Earth Day

Here is a link to a few other facts about Earth Day

I suppose since it’s Earth Day today, that it would be fitting for my topic to be such. Though I didn’t do any clean-up outside this year on Earth Day as the weather wasn’t cooperating, every Spring I walk the ditches that surround all of our crop fields and pick up trash in the ditches. In total, I usually walk around two miles of ditch and typically fill two or three large black garbage bags with trash. If that doesn’t seem like much consider this, according to the American Road and Transportation Builders Association, “Currently, there are 4.12 million miles of road in the United States, according to the Federal Highway Administration, including Alaska and Hawaii.” Just imagine how much trash is sitting in the ditches across America if I can pick up three trash bags full in a two-mile stretch. Typically, there is a lot of fast food bags, pop/beer cans and bottles, cigarette buds, tobacco tins, plastic bags, cardboard boxes, and candy wrappers. On the occasion, there are chunks of old tin, bad tires, bags of leaves or other garbage, and even an old dart board. You have to wear gloves picking ditches though because you don’t want to touch something that was touching someone’s mouth. Or you may find needles or other things that you definitely don’t want to tough bare handed. If we didn’t pick up our ditches, the trash could flow down the ditch during spring when the snow melts and whenever we get a substantial rainfall into the nearby creek and contaminate the water. In addition, the water that we drink from our wells, is the same water that flows into the ditches and down in the ground so it’s important to pick up anything that could contaminate the water. I know picking up just two miles of ditch isn’t much but it’s better than nothing. I just hope everyone else is doing their share and picking up any trash in their ditches. Happy Earth Day!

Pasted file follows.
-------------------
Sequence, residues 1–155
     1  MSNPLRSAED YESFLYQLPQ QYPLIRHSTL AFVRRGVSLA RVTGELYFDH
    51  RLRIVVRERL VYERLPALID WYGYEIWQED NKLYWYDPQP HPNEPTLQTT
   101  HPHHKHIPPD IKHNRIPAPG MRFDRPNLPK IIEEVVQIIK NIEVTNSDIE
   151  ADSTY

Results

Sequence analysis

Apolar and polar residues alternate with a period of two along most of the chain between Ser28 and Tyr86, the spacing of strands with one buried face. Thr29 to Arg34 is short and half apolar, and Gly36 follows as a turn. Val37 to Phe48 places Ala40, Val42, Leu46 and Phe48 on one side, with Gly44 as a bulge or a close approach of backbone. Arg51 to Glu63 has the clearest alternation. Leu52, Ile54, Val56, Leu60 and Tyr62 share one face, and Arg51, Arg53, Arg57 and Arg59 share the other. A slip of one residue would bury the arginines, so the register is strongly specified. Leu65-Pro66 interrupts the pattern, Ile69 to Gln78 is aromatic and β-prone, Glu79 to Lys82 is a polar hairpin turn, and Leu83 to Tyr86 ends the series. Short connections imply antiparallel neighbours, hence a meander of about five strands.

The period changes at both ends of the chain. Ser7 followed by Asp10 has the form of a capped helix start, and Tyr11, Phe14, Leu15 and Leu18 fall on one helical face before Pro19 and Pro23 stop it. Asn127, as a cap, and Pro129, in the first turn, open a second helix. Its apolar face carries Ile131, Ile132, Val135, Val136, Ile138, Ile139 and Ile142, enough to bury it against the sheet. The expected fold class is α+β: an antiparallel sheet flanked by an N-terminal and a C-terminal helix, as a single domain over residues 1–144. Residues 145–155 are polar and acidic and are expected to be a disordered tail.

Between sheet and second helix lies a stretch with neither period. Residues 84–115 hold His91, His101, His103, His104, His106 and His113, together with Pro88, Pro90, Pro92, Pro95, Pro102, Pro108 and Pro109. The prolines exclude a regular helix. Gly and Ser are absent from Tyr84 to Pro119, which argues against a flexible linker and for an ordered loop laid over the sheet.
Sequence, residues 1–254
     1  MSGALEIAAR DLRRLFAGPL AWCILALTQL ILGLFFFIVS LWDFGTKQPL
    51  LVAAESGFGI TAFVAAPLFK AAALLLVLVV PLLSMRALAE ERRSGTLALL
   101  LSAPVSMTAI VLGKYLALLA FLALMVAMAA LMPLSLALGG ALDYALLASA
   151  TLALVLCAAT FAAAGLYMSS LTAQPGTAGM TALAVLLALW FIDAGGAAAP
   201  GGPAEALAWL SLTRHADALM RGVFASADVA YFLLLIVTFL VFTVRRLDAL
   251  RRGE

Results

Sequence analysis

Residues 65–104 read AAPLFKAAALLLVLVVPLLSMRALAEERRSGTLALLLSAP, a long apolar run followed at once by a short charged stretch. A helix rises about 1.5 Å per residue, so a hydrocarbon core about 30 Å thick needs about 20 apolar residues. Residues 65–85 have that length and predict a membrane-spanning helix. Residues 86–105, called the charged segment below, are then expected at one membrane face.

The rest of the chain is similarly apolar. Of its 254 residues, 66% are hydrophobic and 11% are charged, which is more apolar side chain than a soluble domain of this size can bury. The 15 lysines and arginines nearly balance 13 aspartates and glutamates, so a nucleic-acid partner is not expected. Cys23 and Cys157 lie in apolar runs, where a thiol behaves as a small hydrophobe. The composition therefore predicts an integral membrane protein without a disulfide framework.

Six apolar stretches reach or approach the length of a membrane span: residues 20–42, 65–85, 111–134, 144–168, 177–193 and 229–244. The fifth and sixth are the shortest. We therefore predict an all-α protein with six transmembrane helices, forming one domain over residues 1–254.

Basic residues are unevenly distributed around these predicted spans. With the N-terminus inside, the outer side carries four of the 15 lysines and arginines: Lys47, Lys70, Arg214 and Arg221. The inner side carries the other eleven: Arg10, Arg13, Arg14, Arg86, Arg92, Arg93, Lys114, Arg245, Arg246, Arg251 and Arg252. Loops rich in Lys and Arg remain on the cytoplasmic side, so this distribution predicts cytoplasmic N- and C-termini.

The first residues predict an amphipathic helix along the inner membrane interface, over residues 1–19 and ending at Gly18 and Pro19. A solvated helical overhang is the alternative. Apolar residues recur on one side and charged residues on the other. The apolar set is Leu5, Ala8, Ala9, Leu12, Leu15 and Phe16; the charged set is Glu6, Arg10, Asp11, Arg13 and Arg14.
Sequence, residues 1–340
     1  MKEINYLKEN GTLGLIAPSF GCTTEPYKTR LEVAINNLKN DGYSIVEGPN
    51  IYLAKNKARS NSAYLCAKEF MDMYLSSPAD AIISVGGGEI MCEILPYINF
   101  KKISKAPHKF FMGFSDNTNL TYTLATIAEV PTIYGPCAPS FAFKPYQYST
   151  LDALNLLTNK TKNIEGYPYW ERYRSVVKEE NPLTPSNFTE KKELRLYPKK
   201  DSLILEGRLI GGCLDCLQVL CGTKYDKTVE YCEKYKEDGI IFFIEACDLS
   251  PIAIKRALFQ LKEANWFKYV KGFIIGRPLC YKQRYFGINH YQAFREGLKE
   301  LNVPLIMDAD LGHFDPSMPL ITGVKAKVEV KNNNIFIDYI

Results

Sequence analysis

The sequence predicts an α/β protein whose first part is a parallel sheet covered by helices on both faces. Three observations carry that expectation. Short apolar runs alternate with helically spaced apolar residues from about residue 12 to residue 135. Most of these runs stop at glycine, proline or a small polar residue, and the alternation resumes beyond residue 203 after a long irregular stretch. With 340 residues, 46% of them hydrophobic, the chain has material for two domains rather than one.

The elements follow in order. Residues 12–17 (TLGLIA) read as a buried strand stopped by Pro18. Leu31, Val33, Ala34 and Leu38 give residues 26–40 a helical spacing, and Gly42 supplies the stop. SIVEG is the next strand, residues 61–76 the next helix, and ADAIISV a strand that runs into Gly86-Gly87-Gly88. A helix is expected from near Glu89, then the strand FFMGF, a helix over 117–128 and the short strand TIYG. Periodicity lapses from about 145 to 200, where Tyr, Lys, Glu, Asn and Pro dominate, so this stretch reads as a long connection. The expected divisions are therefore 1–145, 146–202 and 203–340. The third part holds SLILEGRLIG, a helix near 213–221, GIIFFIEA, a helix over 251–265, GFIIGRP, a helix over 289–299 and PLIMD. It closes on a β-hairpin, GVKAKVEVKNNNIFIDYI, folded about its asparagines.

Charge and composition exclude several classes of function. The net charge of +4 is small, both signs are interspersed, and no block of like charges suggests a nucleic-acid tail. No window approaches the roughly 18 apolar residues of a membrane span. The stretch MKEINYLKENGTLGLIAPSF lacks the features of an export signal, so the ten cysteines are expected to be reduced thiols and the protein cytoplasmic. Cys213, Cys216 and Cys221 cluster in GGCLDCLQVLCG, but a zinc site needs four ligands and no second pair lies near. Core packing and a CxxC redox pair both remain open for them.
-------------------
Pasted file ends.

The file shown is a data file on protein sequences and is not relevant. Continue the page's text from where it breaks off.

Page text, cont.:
Culver’s special Earth Day “dirt cup”

P.S. If you didn’t grab a “dirt cup” from Culvers today, make sure to mark it down on a calendar for next year because they are delicious!

Making Maple Syrup

Every year, my family and I go up to our hunting land in Barron County and make homemade Maple Syrup. There are many steps to making the sweet sugary substance that we all love on our pancakes, waffles, and ice cream. We start out by tapping Maple trees with a power drill and metal taps. Often, the sap will immediately start to drip off the tap, so you must hang the bags on the tap to collect the sap. For the sap to “run” up the trees, the outside temperature must get below 32° Fahrenheit at night and get above 32° Fahrenheit during the day. Once the sap runs, we drive around in the woods and collect the sap by dumping each bag into holding tanks that we have on our four wheelers. Once we have sap from the trees, we start to cook the sap down to evaporate the water from it. Maple sap typically takes 40 gallons of sap to make one gallon of maple syrup. This year the sugar content in the sap has been better than usual as we have been getting one gallon of syrup from about 30 gallons of sap. Our pan that we cook on holds up to 70 gallons of sap, but we don’t fill it up all the way because once it starts to boil, it would spill over the edges. Our pan is wood fired in our homemade cooker made from concrete blocks and metal framing. As we cook down sap, we continuously add more until there is enough to take about 10 gallons of syrup off the cooker. We can tell when the sap is almost syrup by dunking a wooden paddle into the liquid and hold it up to see if it “hangs.” We then use our hydrometer to test the saps relative density, once it is just under 1.37 grams per milliliter, we pull the pan off the cooker and dump the syrup into a tank where it will cool off. Finally, we take the syrup home, reheat it, run it through a few strainers and bottle it into quart jars. I enjoy making maple syrup because it is fun to spend time in nature with friends and family.